Connecticut’s failure to qualify for a coveted federal education grant could delay the effort to reform the state’s public schools but will not end it, officials pledged Tuesday.

Educators and lawmakers expressed disappointment when U.S. Secretary of Education Arne Duncan did not include Connecticut among a list of finalists for millions of dollars under Race to the Top, the Obama administration’s $4.3 billion competition designed to spur school reform.

Eighteen other states–including New York, Rhode Island and Massachusetts–and the District of Columbia were chosen to advance to the next round, with 10 to 15 grant winners expected to be identified in September.

The announcement came despite a sweeping school reform package passed by the state legislature earlier this year in hopes of bolstering Connecticut’s chances of winning $175 million in Race to the Top funds.

The prospect of winning the money was especially alluring in light of a state fiscal crisis that is likely to mean teacher layoffs, school closings and other financial strains over the next several years. Against that backdrop, paying for new reforms could be daunting.

“I think it’s inevitable we will see pressure to move back the timelines for various reforms we enacted this spring,” said state Rep. Andrew Fleischmann, D-West Hartford, co-chairman of the legislature’s Education Committee.

Among the changes called for in the state’s reform package are a new teacher evaluation system, increased high school graduation requirements, and strengthened charter schools. Education advocates and state leaders hailed the new law but said federal funding would be necessary to help put these new measures into place.

The reforms could require the hiring of as many as 380 additional teachers statewide at a cost of nearly $21 million, according to an estimate by the legislature’s Office of Fiscal Analysis. Another $7 million is projected in training costs related to the new teacher evaluation program.

At the State Department of Education, officials had been making plans to go to Washington to make the state’s case as a finalist. Tuesday’s announcement ended those plans.

“I’m very, very disappointed,” Education Commissioner Mark McQuillan said. The state’s application, he said, was considerably stronger than an initial application last January that was submitted before lawmakers passed reforms that he called “path-breaking legislation.” That application also was unsuccessful in an earlier round of competition for the Race to the Top grants.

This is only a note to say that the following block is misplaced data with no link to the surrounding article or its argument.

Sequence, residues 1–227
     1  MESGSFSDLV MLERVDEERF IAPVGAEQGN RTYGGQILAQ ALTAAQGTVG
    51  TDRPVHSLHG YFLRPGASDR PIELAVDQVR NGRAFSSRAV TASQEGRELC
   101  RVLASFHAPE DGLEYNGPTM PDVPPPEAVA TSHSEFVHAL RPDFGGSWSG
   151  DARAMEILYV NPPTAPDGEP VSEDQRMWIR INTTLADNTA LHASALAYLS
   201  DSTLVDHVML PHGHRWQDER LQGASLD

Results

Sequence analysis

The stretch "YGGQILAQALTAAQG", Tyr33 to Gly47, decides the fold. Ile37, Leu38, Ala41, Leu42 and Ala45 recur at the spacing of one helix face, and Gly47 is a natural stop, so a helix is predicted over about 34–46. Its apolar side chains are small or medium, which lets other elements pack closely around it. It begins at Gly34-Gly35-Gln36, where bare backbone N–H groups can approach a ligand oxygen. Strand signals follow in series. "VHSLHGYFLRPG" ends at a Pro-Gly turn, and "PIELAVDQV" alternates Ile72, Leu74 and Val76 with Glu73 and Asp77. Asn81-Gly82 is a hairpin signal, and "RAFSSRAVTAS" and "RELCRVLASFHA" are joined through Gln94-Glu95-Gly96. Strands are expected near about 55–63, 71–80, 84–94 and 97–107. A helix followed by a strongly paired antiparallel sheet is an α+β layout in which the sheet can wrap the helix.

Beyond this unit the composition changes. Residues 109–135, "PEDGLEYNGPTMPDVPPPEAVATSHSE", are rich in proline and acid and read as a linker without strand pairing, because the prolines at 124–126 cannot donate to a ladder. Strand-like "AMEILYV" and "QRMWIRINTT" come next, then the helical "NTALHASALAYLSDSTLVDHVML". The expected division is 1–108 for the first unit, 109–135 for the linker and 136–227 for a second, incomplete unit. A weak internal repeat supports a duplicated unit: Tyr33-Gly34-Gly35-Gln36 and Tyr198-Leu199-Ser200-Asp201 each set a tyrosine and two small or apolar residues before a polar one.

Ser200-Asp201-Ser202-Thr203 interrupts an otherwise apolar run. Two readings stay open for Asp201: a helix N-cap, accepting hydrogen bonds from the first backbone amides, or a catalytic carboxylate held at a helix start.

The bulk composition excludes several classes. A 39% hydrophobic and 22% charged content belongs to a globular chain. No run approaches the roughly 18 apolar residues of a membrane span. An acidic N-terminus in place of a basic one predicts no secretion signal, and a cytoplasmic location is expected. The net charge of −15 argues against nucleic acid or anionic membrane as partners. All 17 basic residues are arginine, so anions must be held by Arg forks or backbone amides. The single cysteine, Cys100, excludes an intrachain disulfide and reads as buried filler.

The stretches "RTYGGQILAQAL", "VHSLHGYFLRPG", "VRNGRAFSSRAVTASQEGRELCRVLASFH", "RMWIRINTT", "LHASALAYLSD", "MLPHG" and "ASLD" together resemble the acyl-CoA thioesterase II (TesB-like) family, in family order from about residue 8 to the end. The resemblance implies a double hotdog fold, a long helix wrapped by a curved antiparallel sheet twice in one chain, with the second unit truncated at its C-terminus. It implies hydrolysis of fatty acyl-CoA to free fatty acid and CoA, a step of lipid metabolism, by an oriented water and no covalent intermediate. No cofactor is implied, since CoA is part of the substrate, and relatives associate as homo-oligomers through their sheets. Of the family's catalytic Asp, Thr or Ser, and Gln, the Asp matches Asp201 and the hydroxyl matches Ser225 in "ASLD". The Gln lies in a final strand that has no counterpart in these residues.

“There were a lot of big changes that had taken place between January and June,” McQuillan said. “I’m very puzzled in terms of what were the factors that didn’t bring us closer to those who made the finalists.”

McQuillan said the state will proceed with reforms “within the framework of what our budget permits.” That includes the creation of new curriculum standards and development of a better data system to track student progress, he said. “The way you begin is to do those things that are essential . . . and begin a slow implementation of other initiatives.”

The expanded high school graduation requirements, for example, will not take full effect until the class of 2018. Even though today’s economy is bad, “that’s no reason to abandon an eight-year target,” McQuillan said.

As Secretary Duncan announced the finalists at a press conference in Washington, D.C., he was asked how states that failed win federal grant money can move ahead on enacting reforms. He said they should look at other competitive grant programs available from the federal Department of Education, citing, for example, the Teacher Incentive Fund, which offers grants to high-needs schools that implement performance-based teacher and principal compensation plans.

“There are multiple sources … as well as their own [state] money,” Duncan said. “This reform needs to keep going, and I really encourage them to do that.”

But Rep. Joe Courtney, D-2nd District, who sits in the House Education and Labor Committee, said Tuesday’s announcement raised questions about the validity of the Race to the Top program and the Obama Administration’s increasing emphasis on competitive grants.